Horizon Forbidden West

Horizon Forbidden West game


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Bob Hoose

Game Review

The action role-playing game Horizon Zero Dawn, released in 2017, is the story of an outcast young female hunter named Aloy. She lives in a world of primitive warring tribes and deadly machine animals. And in the course of that first game, she not only has to uncover clues about her own secret ties to the past but dig up information about a bygone high-tech society, all while coming to grips with the fact that, unbelievably, she’s the only person who could save mankind from a predetermined extinction.

The new Horizon Forbidden West picks up six months after the world-saving action of that first game. Aloy has saved the day and gained a lot of respect from the people around her, but there are more questions and land-corrupting, deadly plagues to deal with. So the brave heroine ventures into the Forbidden West for answers, a place dominated by bloodthirsty foes called the Tenakth. And there she finds clues to a new off-world threat that she didn’t realize was there all along.

Aloy takes on scores of quests and must straddle two very different but equally dangerous threats: one, swarming and primitive, and another that seems, technologically, almost overwhelming. In that light, this game relies on the standard gameplay trifecta for an action/adventure title: combat, platforming and puzzle-solving. And Horizon Forbidden West proceeds without feeling like the action ever bogs down or devolves into a slogging grind.

Top-tier actors Angela Bassett and Carrie-Anne Moss lend their voices to two of the game’s central driving characters.


A good sequel tends to raise the stakes and strengths of its predecessor, and Horizon Forbidden West does both. Aloy and her friends are very likeable, and their well-written, quest-filled storyline—venturing across an incredibly detailed, almost realistically beautiful open world—juggles many moving parts with panache.

The game mechanics are easy to pick up. And other than some occasional camera glitch issues and some unscalable mountain areas, game movement and controller interaction both feel pretty seamless.

From a story perspective, Aloy and her friends are all willing to sacrifice everything (and in some cases do so literally) to face an impossible foe and find a way to restore their world to a place of peace, growth and harmony. In fact, there are times when Aloy fears that she doesn’t have what it takes to face the monumental task before her. But she pushes on with resolve and a sense of duty.

The game stresses that, in all challenges, people must rely on their wits, their friends and a source of inner strength to move forward and do what’s right.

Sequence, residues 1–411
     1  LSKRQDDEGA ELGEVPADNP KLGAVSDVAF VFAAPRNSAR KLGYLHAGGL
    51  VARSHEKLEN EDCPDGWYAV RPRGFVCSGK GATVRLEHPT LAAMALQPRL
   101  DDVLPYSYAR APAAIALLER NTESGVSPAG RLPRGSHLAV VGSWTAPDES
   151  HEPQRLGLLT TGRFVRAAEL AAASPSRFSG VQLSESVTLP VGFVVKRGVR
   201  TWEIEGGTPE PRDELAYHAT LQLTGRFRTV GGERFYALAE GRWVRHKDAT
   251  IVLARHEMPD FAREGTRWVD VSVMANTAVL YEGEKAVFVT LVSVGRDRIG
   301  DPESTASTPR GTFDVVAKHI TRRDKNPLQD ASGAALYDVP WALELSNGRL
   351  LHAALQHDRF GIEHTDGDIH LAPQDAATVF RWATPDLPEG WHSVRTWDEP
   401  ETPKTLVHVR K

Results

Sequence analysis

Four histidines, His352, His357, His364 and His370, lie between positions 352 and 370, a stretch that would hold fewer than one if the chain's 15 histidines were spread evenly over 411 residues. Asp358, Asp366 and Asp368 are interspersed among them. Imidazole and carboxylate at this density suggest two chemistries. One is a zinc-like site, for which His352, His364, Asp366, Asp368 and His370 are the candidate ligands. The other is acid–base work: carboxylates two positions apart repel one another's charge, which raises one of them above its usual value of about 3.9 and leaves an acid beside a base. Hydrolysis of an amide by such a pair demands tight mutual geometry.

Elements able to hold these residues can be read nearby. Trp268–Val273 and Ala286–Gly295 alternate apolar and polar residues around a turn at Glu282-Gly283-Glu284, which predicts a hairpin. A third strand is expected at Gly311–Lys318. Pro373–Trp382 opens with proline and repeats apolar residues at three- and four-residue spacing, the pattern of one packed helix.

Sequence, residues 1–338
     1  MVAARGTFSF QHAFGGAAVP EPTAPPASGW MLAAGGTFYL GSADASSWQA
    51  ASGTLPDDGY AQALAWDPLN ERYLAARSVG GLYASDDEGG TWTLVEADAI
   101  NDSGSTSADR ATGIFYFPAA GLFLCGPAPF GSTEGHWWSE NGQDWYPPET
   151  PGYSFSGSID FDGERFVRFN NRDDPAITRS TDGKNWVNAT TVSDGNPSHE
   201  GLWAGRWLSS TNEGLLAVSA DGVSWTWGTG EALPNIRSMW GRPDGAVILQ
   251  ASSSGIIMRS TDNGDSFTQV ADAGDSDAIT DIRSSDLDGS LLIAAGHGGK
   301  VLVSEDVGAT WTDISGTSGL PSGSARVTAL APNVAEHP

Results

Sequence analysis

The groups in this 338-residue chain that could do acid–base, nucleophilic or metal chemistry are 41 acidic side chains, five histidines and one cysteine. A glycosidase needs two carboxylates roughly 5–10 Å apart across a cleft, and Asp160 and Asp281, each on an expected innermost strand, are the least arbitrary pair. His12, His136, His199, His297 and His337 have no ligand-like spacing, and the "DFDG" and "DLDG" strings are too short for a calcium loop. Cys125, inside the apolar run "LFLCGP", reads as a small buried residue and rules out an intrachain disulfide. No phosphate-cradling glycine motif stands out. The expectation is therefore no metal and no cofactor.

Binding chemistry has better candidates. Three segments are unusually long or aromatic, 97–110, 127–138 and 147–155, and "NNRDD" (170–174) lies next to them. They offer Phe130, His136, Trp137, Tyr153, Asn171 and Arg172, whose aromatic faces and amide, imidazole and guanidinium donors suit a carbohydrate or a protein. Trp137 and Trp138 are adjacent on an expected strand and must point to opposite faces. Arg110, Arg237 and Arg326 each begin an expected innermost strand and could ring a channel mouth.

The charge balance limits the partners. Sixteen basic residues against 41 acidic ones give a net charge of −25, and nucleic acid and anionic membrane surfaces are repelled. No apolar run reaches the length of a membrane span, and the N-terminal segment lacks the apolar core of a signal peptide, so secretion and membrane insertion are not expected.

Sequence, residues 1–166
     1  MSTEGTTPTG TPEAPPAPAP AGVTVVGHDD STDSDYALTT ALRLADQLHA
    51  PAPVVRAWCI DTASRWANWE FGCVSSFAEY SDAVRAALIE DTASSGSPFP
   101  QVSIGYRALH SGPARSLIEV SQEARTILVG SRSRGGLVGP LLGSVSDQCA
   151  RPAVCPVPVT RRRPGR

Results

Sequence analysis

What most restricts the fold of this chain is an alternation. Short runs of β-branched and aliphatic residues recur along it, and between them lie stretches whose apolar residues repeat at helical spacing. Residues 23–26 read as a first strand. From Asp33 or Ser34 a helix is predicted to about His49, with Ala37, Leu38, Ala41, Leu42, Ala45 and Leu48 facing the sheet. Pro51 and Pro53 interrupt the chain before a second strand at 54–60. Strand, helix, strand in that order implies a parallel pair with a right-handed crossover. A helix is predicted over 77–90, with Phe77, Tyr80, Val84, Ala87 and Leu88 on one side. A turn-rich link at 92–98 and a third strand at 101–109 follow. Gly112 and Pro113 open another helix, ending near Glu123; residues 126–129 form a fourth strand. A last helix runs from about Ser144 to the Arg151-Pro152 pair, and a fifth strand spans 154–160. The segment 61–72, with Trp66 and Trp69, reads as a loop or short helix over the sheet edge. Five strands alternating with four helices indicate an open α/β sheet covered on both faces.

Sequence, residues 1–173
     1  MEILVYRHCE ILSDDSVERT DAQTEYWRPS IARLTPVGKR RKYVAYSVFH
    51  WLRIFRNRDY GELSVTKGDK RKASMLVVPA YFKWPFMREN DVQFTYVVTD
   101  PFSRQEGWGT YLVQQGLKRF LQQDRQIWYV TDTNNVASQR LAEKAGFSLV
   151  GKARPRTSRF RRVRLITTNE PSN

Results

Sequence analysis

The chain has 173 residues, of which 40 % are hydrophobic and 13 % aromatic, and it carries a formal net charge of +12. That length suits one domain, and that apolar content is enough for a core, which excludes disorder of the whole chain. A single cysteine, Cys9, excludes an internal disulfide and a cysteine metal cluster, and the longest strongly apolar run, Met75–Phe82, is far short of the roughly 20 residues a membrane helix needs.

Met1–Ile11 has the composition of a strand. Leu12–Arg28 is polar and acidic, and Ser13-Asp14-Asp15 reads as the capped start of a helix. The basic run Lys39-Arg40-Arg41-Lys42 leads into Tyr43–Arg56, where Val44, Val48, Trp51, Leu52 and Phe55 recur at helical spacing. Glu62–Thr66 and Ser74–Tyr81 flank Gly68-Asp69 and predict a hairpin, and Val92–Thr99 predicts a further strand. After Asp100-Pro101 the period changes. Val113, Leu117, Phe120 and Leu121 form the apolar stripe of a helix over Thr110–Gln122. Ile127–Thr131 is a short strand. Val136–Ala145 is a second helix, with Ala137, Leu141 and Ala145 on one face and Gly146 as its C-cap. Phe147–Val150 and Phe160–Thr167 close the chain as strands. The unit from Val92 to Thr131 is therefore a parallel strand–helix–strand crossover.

This is an action-adventure game, so players will find themselves in combat with human and machine foes on a regular basis. Aloy must use her wits to strategically make it past aggressive machines and people. And that combat can become intense and frenetic at times as the heroine is often forced to land blows or shoot arrows while dodging.

Aloy uses bows and elemental-tipped arrows (fire, acid, shock, etc.), a spear, blasting tripwires, explosive bomb traps, rudimentary slings and some futuristic guns. But if she falls in battle, the game returns her to a save point for another try.

Human enemies die and fall to the ground with light spurts of blood. Blood can stain the ground in certain areas. (Some cutscenes depict killed and impaled individuals, and someone is crushed by a large heavy object.)

In addition to the violence, there’s also a bit of language to be found, including the use of the s-word, and exclamations of “d–n,” “a–,” “b–tard and “p-ss.” I caught a single combination of God’s name with “d–n.” A bit of light sensual innuendo can be found in some messages. And though gender is never discussed, Aloy interacts with characters of questionable gender. Aloy can wear battle armor that’s either very formfitting or midriff-baring.  

Aloy drinks beer with a friend. And one character gets drunk. There’s some betrayal in the story mix. Some people worship the machines in the land—thinking some are gods. The central game story quests take about 40 hours of gameplay. (Side quests add from there.)


Horizon Forbidden West is unquestionably an enjoyable, well-made and often beautiful game. It takes on its sequel duties with an immersive story and appealing characters that gamers can feel an emotional bond with. But parents of younger players should only venture in with the realistic expectation of typical levels of T-rated violence, language and other content.

Bob Hoose

After spending more than two decades touring, directing, writing and producing for Christian theater and radio (most recently for Adventures in Odyssey, which he still contributes to), Bob joined the Plugged In staff to help us focus more heavily on video games. He is also one of our primary movie reviewers.